This of course has strong resonances with other texts in the Pauline corpus, not least the assertion that in Christ there is neither Jew nor Greek, there is neither slave nor free, there is no male and female. (Gal. 3:28)

With this in mind, Paul addresses households in Ephesians 5-6. He specifically addresses the marginalised parties first (wives before husbands, children before fathers, slaves before masters), knowing that the convention of the time was to always mention the superior or preeminent party first when listing people (check out all the lists of people in the Bible for proof). In other words, Paul gives preference to wives (and children and slaves). This is enough to give hints of Paul’s subversive destruction of all social barriers, ultimately a Christological conviction, without openly and thus dangerously stating his liberating position.

We must also allow for the possibility that those wives, children and slaves being addressed come from households whose head does not share their commitment to Jesus. This suggestion, if true, could have significant effects on our interpretations.

Of course none of this is comprehensively articulated in this post. Even so, it is hopefully food for thought.

And if not, then complementarians should attempt to tackle what I think is an insurmountable barrier for their position. Earlier I asked whether Paul was setting out a universal code for all households at all times, or if he was instructing families in his particular time to live wisely and contextually within the confines of a violent imperial system. If complementarians opt for the former option (a universal code), then this universalising tendency must apply to the entire household code. My question is: if we no longer seek to enforce the obedience of slaves to masters (in fact we have actively worked against modern slavery – was Paul wrong, or is there something else going on?), why do complementarians continue to enforce the submission of wives to husbands?

This is a particularly difficult question in light of Old Testament tradition about Sabbath, Jubilee and slavery – if it was God’s will that slaves were to be freed after a certain amount of time, does this will apply to slaves in the first century, even those whose masters are not in fact Christians? If so, what might this mean for wives?

MCA

P.S. If anyone is interested, here are the vows my wife and I composed for our wedding:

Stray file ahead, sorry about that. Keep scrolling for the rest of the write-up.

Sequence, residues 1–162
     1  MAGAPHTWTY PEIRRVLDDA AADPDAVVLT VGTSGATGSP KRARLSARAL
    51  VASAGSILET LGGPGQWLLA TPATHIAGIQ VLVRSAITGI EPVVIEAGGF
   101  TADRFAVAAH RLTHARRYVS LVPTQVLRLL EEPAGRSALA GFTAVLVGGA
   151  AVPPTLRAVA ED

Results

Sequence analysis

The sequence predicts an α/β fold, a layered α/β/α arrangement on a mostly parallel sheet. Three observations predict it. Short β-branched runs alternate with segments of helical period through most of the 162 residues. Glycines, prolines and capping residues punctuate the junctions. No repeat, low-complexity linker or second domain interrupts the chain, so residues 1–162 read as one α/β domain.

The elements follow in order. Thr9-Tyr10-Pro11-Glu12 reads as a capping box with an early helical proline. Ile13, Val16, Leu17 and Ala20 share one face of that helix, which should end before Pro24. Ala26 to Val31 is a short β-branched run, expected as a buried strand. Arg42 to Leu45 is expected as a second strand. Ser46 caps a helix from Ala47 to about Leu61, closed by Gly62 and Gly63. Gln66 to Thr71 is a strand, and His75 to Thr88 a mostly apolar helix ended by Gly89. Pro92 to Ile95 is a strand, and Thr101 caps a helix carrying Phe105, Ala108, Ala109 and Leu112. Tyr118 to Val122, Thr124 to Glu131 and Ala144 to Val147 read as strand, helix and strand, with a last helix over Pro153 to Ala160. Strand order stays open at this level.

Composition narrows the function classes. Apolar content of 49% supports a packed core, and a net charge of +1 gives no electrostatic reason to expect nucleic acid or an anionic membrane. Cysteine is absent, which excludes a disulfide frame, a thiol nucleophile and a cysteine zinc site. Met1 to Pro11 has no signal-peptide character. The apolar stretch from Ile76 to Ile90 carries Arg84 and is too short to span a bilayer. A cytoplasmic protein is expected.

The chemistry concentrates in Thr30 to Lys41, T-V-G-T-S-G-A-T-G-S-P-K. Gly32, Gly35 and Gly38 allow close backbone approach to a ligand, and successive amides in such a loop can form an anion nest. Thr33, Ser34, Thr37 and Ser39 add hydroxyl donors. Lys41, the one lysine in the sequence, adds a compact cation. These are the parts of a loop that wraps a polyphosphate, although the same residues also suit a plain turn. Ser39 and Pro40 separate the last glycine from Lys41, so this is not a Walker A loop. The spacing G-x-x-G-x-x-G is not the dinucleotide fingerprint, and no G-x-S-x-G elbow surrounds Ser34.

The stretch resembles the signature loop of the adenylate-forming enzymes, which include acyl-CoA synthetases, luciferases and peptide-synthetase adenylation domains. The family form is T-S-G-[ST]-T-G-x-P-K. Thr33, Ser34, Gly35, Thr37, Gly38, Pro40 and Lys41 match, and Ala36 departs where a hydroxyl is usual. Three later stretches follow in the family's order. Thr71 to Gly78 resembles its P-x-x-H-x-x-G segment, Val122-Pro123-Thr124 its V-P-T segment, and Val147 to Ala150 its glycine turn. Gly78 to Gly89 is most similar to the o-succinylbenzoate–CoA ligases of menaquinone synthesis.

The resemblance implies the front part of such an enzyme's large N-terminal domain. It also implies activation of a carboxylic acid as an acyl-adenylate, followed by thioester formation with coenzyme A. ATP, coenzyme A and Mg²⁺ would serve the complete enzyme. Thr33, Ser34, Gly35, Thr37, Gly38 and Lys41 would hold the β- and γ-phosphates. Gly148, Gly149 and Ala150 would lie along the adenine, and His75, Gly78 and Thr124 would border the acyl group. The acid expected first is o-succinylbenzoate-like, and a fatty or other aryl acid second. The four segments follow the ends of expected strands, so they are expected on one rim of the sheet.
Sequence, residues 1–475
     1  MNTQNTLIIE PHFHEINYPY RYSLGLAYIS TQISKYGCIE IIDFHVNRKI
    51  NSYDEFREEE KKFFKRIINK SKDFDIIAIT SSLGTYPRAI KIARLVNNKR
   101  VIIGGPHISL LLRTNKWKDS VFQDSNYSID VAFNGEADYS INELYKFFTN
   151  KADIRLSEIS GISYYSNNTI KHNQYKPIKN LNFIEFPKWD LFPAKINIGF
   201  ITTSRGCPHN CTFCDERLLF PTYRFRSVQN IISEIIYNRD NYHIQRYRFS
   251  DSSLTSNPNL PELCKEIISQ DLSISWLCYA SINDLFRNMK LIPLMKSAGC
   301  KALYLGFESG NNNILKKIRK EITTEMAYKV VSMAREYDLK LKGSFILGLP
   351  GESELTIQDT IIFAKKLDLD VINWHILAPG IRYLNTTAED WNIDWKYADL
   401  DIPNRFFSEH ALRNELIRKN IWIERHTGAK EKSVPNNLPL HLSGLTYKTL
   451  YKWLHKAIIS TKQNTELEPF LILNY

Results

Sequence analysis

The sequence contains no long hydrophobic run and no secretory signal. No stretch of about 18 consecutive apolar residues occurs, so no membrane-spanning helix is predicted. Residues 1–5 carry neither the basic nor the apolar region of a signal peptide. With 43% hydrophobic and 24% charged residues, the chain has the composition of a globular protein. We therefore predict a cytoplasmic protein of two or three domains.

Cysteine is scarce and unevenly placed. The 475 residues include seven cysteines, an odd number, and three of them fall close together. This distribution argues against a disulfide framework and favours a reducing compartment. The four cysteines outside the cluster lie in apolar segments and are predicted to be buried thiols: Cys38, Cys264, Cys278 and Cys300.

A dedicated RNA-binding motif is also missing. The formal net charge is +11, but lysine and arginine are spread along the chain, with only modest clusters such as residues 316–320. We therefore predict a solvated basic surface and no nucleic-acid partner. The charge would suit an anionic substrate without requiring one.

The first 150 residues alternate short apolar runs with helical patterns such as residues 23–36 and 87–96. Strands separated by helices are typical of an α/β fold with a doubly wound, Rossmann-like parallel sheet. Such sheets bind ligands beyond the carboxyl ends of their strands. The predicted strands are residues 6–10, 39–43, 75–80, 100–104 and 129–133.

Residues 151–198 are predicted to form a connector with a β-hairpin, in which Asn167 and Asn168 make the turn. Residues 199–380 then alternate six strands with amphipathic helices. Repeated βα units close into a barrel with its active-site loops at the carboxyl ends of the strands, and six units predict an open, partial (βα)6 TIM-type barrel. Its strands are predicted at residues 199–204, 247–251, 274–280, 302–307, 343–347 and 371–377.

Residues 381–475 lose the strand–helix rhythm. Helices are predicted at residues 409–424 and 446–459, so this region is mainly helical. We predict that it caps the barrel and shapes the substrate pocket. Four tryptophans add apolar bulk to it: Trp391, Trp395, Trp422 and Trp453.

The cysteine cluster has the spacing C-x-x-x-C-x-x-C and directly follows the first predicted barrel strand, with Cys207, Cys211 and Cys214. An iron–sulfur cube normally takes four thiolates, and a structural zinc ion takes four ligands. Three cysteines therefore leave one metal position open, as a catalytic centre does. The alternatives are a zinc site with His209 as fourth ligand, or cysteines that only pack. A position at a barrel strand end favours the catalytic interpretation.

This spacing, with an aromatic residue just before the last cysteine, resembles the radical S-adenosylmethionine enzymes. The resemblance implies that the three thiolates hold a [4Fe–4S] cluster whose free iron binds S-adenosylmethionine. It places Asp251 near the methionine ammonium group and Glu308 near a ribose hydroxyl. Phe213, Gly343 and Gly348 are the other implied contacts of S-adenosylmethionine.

I, _____,
Take you _____ to be my wife/husband;
On this special and Holy day I establish with you, in the presence of God, family and friends
a covenant of love and faithfulness
From this day forward I promise to abide by your side as your faithful husband/wife
In laughter and in weeping
In prosperity and in poverty
In wholeness and in brokenness
I will respect, trust, protect and care for you
I will share my life with you
I will forgive you as we have been forgiven
I will lead with you a simple, just and peaceful life
as Christ has called us to live

I will love you and be thankful for the blessing of your love

As long as we both shall live.
This is my solemn vow and promise.


* In regard to the video on this link, and on an unrelated tangent, when did “honour” become part of the lexicon-of-excessively-used-words of Christians outside of Pentecostal megachurches? It wasn’t that way a few years ago (or was it?). I don’t have a point, I just find it interesting, and wonder what it reflects.
** See for example D. 50.16.195.1-5 (Ulpianus libro quadragensimo sexto ad Edictum)
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Posted on August 30, 2012, in Biblical Studies, Hermeneutics, New Testament, Sexuality & Gender and tagged , , , , , , , , . Bookmark the permalink. 13 Comments.

  1. Thanks Matt!

    I unknowingly went to an Acts 29 church on the weekend, and ended up getting into a passionate discussion with someone regarding complimentaianism. I unfortunately had not yet read your blog! or I would have had a whole lot more substance to my argument. Equal value but different roles? Just one of those roles happens to have all the power?- no thank you. My friend very humourously retorted- “Complimenatrianism is just misogyny in drag”. Thanks Matt, I’ve been wanting to look more into the hermeneutics of this passage! Warm Regards,

    Bethany Koch

    PA to the National Director TEAR Australia http://www.tear.org.au Ph: 03 9264 7014 M: 0432 304 532 E: Bethany.Koch@tear.org.au Transformation | Empowerment | Advocacy | Relief

  2. Nice one. Thanks Matt. Your last point is interesting – I’m torn between thinking that the inherent difference in the slave/master and husband/wife relationships (ie, ownership) means the same rules cannot apply; but when we realize that husbands in those days did own their wives, it certainly waters down that argument.

    For what it’s worth, you are always welcome to refer to me first, rather than my husband. 🙂

    Oh, and happy almost anniversary!

  3. Great post Matt. I just love Keesmaat and Walsh’s reading of the Colossian household code in which they read “obey your masters…as is fitting in the Lord” subversively so that “as is fitting in the Lord” essentially undoes the hierarchy inherent in the “submit”.
    I am continually amazed at how we can read the Bible and think we understand it without an understanding of the history.

  4. Matt, I appreciate and agree with what you say, and I like the vows when I read them as much as when I heard them. I think there is one further implication.

    How we interpret the Bible is influenced by our view of the Bible. A verbally inspired, inerrant book of rules still needs interpretation, but not so much. Once we recognise that it isn’t a matter of blind rules, but understanding the local context and applying it to our own situation are required, we are effectively taking a different view of what the Bible is and isn’t – and I do take a different view, as I presume you do.